Published: 13 May 2014
What is climate sensitivity? How much humans add to the greenhouse effect
Humans are emitting CO2 and other greenhouse gases into the atmosphere. As these gases build up they trap extra heat and make the climate warmer. But how much warmer? Two of Australia’s leading meteorologists explain how the greenhouse effect works.
|Scientists agree that the ‘enhanced’ greenhouse effect, due to human influence on climate, has increased. But how much warmer does each unit of CO2 make the Earth’s atmosphere?|
Scientists have long understood that CO2 concentrations in the atmosphere contribute to the Earth’s natural greenhouse effect. This understanding pre-dates the 20th century, and was based on the fundamental science of radiation during the 1800s. A quick study of the geological record confirms this link: in the recent record, past atmospheres with high CO2 concentrations have always been warmer.
As our understanding of the enhanced greenhouse effect – which is due to the human influence on climate – has increased, it has become something of a scientific imperative to work out the relationship between CO2 and warming. How much warmer does each unit of CO2 make the Earth’s atmosphere?
This relationship between CO2 and warming is known as the climate’s ‘sensitivity’ to CO2. Determining climate sensitivity helps us understand our future risks and plan for future climate change.
The climate system is extremely complicated, as is the way humans affect it. To understand the basic processes we simplify the system and consider two different measures of sensitivity.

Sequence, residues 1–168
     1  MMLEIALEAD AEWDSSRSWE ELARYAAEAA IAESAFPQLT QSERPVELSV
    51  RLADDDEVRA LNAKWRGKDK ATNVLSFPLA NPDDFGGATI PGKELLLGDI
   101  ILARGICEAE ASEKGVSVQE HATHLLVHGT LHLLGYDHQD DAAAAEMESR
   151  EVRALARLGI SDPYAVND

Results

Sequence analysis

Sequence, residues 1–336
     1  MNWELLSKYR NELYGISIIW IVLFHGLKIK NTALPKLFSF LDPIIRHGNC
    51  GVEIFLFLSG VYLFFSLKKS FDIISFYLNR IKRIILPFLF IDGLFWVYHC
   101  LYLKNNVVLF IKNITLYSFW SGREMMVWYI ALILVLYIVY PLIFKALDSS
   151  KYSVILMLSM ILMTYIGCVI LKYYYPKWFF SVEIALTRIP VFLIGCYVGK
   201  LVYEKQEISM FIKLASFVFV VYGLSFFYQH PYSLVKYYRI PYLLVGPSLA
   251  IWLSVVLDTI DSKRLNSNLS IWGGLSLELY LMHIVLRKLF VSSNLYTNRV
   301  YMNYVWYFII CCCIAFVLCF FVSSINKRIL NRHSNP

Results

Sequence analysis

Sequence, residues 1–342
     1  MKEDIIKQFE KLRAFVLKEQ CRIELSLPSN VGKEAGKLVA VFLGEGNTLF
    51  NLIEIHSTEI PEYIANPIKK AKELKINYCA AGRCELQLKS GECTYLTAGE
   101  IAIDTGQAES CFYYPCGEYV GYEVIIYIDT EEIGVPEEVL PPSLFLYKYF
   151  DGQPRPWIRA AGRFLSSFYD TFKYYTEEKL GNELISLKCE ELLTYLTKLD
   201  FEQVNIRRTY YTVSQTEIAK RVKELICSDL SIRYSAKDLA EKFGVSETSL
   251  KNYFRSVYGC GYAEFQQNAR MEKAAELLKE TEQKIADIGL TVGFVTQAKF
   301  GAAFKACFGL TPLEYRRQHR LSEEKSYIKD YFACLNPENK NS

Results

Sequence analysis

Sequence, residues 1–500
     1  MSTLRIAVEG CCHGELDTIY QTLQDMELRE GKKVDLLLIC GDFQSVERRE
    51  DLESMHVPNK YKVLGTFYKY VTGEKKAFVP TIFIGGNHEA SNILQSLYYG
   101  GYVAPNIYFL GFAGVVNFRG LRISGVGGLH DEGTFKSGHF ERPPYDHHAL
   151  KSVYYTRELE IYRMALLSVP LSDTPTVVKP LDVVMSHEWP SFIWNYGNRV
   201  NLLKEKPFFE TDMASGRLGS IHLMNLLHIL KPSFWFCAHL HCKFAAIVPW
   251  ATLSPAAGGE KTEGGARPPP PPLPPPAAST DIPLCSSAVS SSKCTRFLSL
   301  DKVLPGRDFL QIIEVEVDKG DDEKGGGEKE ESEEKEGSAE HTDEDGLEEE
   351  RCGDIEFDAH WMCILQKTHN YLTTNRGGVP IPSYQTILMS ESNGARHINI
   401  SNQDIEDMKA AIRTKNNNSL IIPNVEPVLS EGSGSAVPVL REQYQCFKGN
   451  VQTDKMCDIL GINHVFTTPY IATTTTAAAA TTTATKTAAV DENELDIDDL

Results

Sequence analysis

These measures are called ‘transient climate response’ and ‘equilibrium climate sensitivity’. The transient climate response is a measure of how much warmer the climate will get when it is still being pushed by human activity. The equilibrium response shows what the end result is hundreds of years down the track.
Transient climate response
The transient climate response is defined by how much the global mean temperature would rise if we were to elevate the CO2 content of the atmosphere by 1 per cent each year, compounded, from pre-industrial levels (ie 280 parts per million) to double that value. At that rate of increase, this would take 70 years.
This measure of sensitivity tells us how much the atmosphere would warm under these circumstances.
It is important to note that the sensitivity to double CO2 is not a climate change ‘projection’: scientists aren’t saying this doubling will actually happen in this way. Rather, it is a simplified technique used by scientists to understand how temperature might respond to rising CO2 levels.
The transient climate response is therefore not directly comparable to the climate projections that the IPCC or other bodies have released.
One can think of sensitivity to double CO2 as analogous to human sensitivity to a standard, measured dose of a particular prescription drug. Once we know how we react to one dose, we can infer how we might react to more of the same drug.
Equilibrium climate sensitivity
The transient climate response only tells us part of the picture – the amount of warming at the instant CO2 concentrations have doubled. However, different parts of the climate system warm at different rates. For example, the atmosphere warms much faster than the oceans.
The oceans average nearly 4 kilometres in depth and cover more than three-quarters of the Earth’s surface. That’s a colossal amount of water – 1.3 billion cubic kilometres, by most estimates. Hence, the oceans will take a very long time to warm up.
Both climate models and real-world observations show us is that the deeper reaches of the oceans are only beginning to warm in response to elevated CO2 (see here and here). They will continue to do so for hundreds of years. In other words, the oceans are not in equilibrium with the atmosphere.
The transient climate response, then, is the warming that the planet experiences once CO2 levels have doubled, but long before temperature equilibrium between the oceans and the atmosphere is attained. The equilibrium climate sensitivity asks how much warming would occur if CO2 remains at twice the initial level and we wait until the atmosphere and the ocean come into temperature balance.